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by A. Wayne Ferens
Images Courtesy of the New York World’s Fair, Bill Cotter, GM Media Archives
Published 5.25.2022

New York Worlds Fair 1The "Unisphere" centerpiece of the New York World's Fair

The 1964-65 New York World's Fair opened on April 22, 1964. It was immense covering 646 acres holding over 150 pavilions, public spaces, 110 restaurants, for 80 nations, 24 US states and over 45 corporations that had exhibits or attractions at Flushing Meadows Park in Queens, NY. The Fair’s theme was "Peace Through Understanding" dedicated to "Man's Achievement." The fair ran for two six-month seasons, April 22 - October 18, 1964, and April 21 - October 17, 1965. The 'centerpiece' being a Unisphere, the 12-story stainless-steel globe at the heart of the complex.

By the time the Fair opened in 1964, America's automobile industry had reshaped itself into the 'big three' which were General Motors, Ford and Chrysler. The age of the small independent automakers was over, as most of them either consolidated or went out of business. AMC and Studebaker were still in operation. In order to let the public know the auto industry was on solid ground, they played a major role at the NY World's Fair, sparing no expense in the design and construction of their pavilions with elaborate and innovative exhibits. 

The GM pavilion, one of the most eye-catching at the fair, was dominated by an enormous slanting canopy 110 feet high. Exhibits showed the range of GM's research activities and a vast variety of its products from automobiles to appliances. Highlights included the new Futurama, GM's classic ride into the future, taking the visitor on a trip to the moon, into the Antarctic, the jungle, the desert and a city of the future.  

GM Pavilion GM Media Archives 2GM Pavilion (GM Media Archives)

The 8.5 acre Futurama site was landscaped to display GM trucks, buses, railroad locomotives and earthmoving equipment. The Futurama white structure had a total capacity of 230,000 square feet, and the ride could carry 70,000 people daily.

Ford Motor Company introduced the Mustang to the public at its pavilion that featured International Gardens and the "Ford's Magic Skyway" ride that was designed by Walt Disney Imagineering, Disney’s research and development arm. It featured 50 motorless Ford convertibles that moved along a track through scenes featuring life-sized dinosaurs, cavemen and a futuristic City of Tomorrow. The pavilion contained a "Wonder Rotunda," surrounded by 64 towering pylons 100 feet high with an exhibit hall several blocks long that featured a large collection of Ford-built cars past, present and future. 

Ford Motor Company pavilion 3The Ford Motor Company pavilion             

The 304,998 sq. ft. pavilion was all about the Ford automobile and featured a Magic Skyway that transported visitors through a series of "time tunnels" to the City of Tomorrow, where they would leave their vehicle to view a collection of Ford products, dream cars and exhibits on auto styling.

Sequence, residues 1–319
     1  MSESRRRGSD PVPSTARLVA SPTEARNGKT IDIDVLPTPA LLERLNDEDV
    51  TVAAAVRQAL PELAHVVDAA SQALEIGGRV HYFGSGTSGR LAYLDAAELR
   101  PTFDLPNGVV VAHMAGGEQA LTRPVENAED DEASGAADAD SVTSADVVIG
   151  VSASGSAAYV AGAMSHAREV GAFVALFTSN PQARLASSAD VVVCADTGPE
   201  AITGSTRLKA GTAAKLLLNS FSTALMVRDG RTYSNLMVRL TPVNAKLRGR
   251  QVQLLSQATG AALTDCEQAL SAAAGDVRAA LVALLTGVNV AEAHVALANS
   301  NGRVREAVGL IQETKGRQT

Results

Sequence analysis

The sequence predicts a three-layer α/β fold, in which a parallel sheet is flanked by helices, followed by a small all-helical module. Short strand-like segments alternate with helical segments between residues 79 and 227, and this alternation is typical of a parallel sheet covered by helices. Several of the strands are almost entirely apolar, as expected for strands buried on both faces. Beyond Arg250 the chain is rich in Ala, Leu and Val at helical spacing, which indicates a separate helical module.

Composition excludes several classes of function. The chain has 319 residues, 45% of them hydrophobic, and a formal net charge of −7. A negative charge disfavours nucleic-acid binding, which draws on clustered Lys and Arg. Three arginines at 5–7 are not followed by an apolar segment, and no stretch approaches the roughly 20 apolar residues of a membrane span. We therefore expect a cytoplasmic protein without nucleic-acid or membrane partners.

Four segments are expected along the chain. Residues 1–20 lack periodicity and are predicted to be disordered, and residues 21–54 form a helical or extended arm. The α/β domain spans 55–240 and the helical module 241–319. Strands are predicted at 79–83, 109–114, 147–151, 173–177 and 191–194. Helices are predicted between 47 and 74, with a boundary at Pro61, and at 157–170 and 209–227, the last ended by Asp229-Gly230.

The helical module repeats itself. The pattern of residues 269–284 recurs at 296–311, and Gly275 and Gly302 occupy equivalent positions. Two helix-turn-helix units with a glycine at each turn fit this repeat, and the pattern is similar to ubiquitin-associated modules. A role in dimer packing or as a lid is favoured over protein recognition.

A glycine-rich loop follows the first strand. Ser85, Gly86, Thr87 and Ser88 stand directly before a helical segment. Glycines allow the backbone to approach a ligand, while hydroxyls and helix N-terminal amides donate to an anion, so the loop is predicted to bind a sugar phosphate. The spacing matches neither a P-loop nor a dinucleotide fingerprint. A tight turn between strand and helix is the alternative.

A drawing of the Ford pavilion 5An early rendering of the Ford pavilion

The Chrysler Corporation exhibit was one of the largest at the World's Fair and was designed especially for children. It was assembled on five islands linked by bridges and set in a six-acre artificial lake. Displays showed specific aspects of Chrysler's engineering, production, styling and operations. Dominating the display was a giant 100 foot walk-in engine with a huge revolving fan in front and an air filter on top, 55 feet up. Various aspects of the automobile world would come to life while seated in a moving car body on the airborne assembly line ride or walking through an 80-foot-long car to examine its giant components. including moving pistons weighing nearly a ton each. 

Another view of Chryslers Autofare 7A view of Chrysler's Autofare                    


The Chrysler pavilion with the mammoth engine in the foreground included moving pistons weighing nearly a ton each.  The giant US Royal Tire display in the background (above) was a operating Ferris Wheel and now sits along Interstate 94 in Allen Park, Michigan just outside Detroit.

Chryslers giant car 8Chrysler's giant car

The largest car in the world on display at the Chrysler pavilion (above) was 80 feet long with tires that were 20 feet tall. Walking through the giant car visitors could examine its extra large internal components.

There is no doubt all eyes were on New York when the fair opened to the public in 1964. More than 50 million visitors from all over the globe packed into Flushing Meadows’ Corona Park in Queens to experience everything this magnificent international exhibition had to offer.

By the summer of 1966, most of the pavillions constructed for the fair were demolished, and only a handful found new homes in various states across America. In 1978, the park became the home to the United States Tennis Association, and the US Open tournament is played there annually.

One thing is for certain, there will probably never be such a collective display of America's automobile companies on such a grand scale again. For more information on the NY World's Fair, visit the the official web site at It's great!


Official Guide NY World's Fair

Bill Cotter collection of NY World’s Fair photos

GM World's Fair brochure

New York World’s Fair web site,